Animals were separated into 2 groups: group 1, which had infarcts with >35% of their volume occupied by MO (n=8, mean 42±5% MO); and group 2, which had infarcts with <35% volume occupied by MO (n=9, mean 26±9% of MO). A typical strain map from a representative animal of each group is shown in Figure 5⇓.
All 3 orthogonal normal strains and the first principal strain were similar in the subendocardium of remote myocardium in both groups (Figure 6⇓). In the subendocardium of infarcted regions, 48 hours after reperfusion, animals with >35% MO demonstrated significantly less stretching in the longitudinal direction than animals that had infarcts with less MO (+2±5 versus +7±5%, P=0.05). In noninfarcted adjacent regions, a significant reduction of subendocardial radial thickening (9±6% versus 14±3%, P<0.01) existed when the adjacent infarct had >35% MO compared with infarcts with less MO.
First principal strain was found to be significantly reduced in the subendocardium of animals with infarcts that had >35% MO than in animals that had infarcts with less MO (13±4% versus 20±4%, P<0.001). Differences in the magnitude of first principal strain could be documented as early as 4 to 6 hours after reperfusion (12±2% versus 22±7%, P=0.06) in animals with >35% MO. The orientation of the principal strain vector was expressed by 2 angles against the longitudinal and circumferential directions (Table 3⇓). No significant difference in orientation of principal strain existed between the 2 groups of dogs. However, the reduction of the magnitude of first principal strain correlated highly, but inversely (r=−0.80, P<0.001), with the extent of MO 48 hours after reperfusion, as shown in Figure 7⇓. Reduction of first principal strain also correlated (r=−0.64, P<0.01) with the ratio of MO to infarct size by pathology. In addition, the magnitudes of circumferential (r=−0.61, P<0.01) and longitudinal (r=−0.53, P<0.05) stretches were found to correlate inversely with the degree of MO at pathology, indicating that animals with greater amounts of MO had reduced systolic stretching in both directions. No such differences of magnitude or orientation of normal orthogonal or principal strains could be observed in the subepicardium of animals with greater or lesser degrees of MO.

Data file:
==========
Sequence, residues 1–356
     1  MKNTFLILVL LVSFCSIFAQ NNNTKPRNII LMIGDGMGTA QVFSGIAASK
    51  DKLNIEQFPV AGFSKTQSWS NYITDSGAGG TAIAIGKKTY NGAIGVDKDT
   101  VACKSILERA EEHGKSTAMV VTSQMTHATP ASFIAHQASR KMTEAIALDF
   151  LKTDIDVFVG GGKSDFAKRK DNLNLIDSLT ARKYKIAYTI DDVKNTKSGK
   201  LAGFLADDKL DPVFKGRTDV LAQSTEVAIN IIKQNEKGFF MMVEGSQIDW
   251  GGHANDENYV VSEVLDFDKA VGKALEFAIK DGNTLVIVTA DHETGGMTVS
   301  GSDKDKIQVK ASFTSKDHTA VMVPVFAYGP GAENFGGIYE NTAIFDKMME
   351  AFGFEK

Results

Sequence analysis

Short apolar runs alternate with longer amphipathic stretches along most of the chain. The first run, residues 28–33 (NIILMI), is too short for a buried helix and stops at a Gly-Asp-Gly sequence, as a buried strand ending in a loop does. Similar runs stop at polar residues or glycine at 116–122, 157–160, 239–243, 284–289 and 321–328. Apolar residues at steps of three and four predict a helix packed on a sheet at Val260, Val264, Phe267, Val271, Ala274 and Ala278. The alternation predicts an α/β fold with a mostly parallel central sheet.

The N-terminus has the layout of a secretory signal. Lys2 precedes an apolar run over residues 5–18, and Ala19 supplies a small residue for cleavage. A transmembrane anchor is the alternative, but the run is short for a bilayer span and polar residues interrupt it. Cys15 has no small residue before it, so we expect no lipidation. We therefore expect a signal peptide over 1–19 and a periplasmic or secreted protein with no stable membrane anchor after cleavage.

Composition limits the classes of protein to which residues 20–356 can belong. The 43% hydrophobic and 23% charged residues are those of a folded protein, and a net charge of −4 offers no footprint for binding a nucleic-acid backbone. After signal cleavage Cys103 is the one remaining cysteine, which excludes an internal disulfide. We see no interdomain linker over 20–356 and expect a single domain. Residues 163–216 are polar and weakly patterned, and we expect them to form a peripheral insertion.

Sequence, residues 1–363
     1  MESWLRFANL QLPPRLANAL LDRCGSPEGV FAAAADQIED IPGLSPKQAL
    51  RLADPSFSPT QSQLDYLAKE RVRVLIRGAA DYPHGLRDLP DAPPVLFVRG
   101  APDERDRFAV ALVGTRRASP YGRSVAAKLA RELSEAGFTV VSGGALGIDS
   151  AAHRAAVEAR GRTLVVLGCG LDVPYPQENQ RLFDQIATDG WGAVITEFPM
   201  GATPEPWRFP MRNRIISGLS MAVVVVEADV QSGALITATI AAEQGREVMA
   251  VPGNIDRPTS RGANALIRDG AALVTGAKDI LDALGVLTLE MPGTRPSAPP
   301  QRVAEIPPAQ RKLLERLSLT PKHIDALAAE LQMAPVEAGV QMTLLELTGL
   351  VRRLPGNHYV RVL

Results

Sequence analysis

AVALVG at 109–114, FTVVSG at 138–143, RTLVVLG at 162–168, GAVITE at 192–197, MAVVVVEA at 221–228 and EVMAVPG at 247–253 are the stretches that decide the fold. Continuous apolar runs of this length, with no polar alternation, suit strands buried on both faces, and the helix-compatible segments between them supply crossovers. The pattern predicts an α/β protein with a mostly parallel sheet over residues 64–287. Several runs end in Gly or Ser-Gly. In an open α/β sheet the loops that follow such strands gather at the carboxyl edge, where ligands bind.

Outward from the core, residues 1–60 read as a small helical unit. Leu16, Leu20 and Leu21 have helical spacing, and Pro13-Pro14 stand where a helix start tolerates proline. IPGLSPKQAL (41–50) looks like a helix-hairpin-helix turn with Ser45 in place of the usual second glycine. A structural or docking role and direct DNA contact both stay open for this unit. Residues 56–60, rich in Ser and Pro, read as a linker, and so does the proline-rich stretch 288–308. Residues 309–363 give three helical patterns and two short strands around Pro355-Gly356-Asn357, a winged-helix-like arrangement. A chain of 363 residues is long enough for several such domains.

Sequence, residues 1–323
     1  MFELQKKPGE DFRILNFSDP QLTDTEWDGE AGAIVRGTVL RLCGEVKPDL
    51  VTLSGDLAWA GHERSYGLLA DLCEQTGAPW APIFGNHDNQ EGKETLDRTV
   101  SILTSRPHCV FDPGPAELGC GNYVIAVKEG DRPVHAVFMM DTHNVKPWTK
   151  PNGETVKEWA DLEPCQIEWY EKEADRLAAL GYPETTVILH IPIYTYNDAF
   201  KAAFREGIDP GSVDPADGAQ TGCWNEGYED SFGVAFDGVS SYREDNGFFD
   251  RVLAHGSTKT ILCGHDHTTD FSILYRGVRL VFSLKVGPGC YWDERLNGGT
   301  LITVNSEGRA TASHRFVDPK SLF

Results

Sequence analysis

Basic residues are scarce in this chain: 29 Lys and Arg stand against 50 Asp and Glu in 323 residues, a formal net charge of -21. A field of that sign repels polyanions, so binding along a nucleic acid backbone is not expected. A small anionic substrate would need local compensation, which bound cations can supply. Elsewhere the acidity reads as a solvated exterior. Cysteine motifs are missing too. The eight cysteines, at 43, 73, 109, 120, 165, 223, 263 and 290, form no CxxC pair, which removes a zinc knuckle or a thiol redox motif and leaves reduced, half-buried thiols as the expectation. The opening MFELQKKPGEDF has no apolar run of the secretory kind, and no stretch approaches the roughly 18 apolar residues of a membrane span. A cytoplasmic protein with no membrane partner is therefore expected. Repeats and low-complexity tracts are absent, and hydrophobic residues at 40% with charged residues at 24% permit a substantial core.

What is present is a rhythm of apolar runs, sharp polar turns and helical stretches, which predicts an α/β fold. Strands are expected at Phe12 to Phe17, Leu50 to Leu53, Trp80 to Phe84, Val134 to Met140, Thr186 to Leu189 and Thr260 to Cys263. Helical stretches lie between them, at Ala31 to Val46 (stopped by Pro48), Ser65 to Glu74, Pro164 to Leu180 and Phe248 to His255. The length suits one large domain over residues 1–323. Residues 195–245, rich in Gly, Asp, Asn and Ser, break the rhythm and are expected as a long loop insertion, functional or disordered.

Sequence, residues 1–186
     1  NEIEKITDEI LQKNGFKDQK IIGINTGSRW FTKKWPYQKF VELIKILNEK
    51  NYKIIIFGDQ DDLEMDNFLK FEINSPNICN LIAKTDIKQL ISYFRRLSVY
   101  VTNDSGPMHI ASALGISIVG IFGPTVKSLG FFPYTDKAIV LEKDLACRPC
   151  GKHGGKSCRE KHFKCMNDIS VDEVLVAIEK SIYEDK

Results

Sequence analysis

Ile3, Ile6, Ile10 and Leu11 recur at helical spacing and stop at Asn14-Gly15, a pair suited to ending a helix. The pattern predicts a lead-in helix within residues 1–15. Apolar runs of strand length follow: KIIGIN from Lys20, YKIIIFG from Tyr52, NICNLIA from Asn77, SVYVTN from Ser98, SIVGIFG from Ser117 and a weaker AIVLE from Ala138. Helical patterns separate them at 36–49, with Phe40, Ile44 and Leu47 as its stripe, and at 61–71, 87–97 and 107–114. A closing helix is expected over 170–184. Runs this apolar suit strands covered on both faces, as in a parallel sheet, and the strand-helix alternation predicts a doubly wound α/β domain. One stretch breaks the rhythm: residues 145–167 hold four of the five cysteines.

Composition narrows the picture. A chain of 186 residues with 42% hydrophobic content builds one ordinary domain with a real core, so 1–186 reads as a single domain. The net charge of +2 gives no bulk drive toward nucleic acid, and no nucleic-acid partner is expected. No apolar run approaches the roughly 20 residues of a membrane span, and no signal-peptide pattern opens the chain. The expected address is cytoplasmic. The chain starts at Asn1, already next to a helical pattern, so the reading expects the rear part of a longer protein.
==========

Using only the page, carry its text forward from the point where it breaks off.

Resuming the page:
This study examined the relationship between MO, myocardial deformation, and remodeling of the LV during the early healing phase of reperfused MI. Our findings can be summarized as follows. (1) During the early period of reperfusion, the extent of MO predicted LV enlargement after reperfusion independently of infarct size. (2) Increased amounts of MO within infarcted myocardium correlated significantly with altered myocardial strains both in infarcted and in adjacent noninfarcted regions up to 48 hours after reperfusion of MI.
The process of LV enlargement after acute MI involves architectural rearrangement both in the infarcted8 9 10 and in the surrounding noninfarcted myocardium11 over the days after the acute ischemic event. Although the exact mechanisms that govern LV remodeling are still incompletely understood, several recent studies indicate that reperfusion of infarcted myocardium may have beneficial effects on LV remodeling, even at times when no direct benefit in terms of infarct size reduction can be documented.12 13 This hypothesis is currently known as the “open-artery hypothesis.”14 Yet, despite restoration of epicardial blood flow, reperfusion at the tissue level may remain impaired because of MO by neutrophils, erythrocytes, and debris.1 It was recently shown that MO may negatively influence LV remodeling early15 and late2 3 after reperfusion. It is currently unknown whether the salutary effects of reperfusion on remodeling result through reduction of injury to the microvasculature. However, preliminary clinical observations using contrast-enhanced MRI suggest that nonreperfused infarcts might have more severe microvascular injury than infarcts with open arteries.4 This could be related to worse LV postinfarct remodeling in patients in whom reperfusion failed or was not attempted.